Molten Salt CSP

- a promising link between Power Production and Energy Storage

Energy Storage

Energy Storage has been of concern since windturbines and solar panels started to emerge in the 1970s. Batteries, compressed air, flywheels and other technologies has tried but never reached a level that could convince scientists and investors that a solution has been found. Molten Salt might have a bright future.

24 Nov 2019    By Poul Madsen           

The achilles heel for Renewables has for decades been the question of how to store energy. Wind turbines and solar panels have long proven their worth when it comes to power production, however none of these have managed to provide the final solution of how to deliver electricity when the wind is calm and the sun is gone for the night. In this blog we take a look at Molten Salt in combination with Concentrating Solar Panels and what appears like a promising solution...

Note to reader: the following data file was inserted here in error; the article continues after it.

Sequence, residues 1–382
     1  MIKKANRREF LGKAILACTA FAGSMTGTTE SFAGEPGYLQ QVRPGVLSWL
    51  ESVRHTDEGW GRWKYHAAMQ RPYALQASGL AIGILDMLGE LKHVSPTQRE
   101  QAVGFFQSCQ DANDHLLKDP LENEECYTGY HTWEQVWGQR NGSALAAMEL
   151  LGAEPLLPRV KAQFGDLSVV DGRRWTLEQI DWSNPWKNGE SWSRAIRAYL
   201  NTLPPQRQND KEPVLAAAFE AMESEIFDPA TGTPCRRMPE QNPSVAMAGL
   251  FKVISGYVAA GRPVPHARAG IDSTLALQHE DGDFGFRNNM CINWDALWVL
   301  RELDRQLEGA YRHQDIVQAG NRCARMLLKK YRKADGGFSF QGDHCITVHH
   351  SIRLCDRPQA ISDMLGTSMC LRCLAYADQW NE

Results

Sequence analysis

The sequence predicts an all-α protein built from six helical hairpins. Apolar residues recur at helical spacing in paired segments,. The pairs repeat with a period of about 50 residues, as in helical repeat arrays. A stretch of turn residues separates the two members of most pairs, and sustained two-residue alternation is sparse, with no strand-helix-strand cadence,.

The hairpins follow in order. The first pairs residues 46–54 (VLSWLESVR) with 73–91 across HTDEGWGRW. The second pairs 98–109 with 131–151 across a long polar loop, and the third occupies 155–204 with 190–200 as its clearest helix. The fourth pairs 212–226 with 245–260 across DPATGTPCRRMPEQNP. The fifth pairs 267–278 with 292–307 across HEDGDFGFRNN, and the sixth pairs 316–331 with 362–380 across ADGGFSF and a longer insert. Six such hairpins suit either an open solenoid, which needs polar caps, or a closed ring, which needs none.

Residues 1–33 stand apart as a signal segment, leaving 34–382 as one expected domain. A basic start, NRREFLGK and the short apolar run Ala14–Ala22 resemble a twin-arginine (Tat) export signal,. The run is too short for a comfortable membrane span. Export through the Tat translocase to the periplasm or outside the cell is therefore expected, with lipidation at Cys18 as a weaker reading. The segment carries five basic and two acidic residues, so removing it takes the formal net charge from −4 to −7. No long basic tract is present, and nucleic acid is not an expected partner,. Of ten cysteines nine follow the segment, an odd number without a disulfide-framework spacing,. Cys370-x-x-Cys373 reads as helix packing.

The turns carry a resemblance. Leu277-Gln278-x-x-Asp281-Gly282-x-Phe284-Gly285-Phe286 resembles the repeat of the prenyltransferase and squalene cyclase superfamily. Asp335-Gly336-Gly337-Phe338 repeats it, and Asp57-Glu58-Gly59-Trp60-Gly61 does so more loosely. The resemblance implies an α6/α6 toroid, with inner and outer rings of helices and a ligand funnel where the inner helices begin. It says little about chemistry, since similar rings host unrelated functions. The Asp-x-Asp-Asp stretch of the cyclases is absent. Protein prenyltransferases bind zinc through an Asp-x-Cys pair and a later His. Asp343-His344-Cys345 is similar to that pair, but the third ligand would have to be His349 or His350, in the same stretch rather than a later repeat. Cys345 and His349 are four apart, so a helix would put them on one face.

CSP and steam turbines

Concentrating solar panels emerged as a new technology in the 1980s. Instead of generating power or warm water for hot baths and kitchen, by concentrating the sun rays to a small area, higher temperatures could be achieved. CSP panels could produce steam turbines to generate power. The plant at Ivanpah in California's Mojave Desert were built in the 1980s and is a very large plant generating some 392 MW. Other projects are also described in this article by [1].

Trough or Tower?

In Trough Concentrating Solar Panels, the parabols concentrate the rays from the sun to heat up a pipe with a fluid flowing inside. If the fluid is hot enough it can be utilized to create steam which in turn can drive a steam turbine.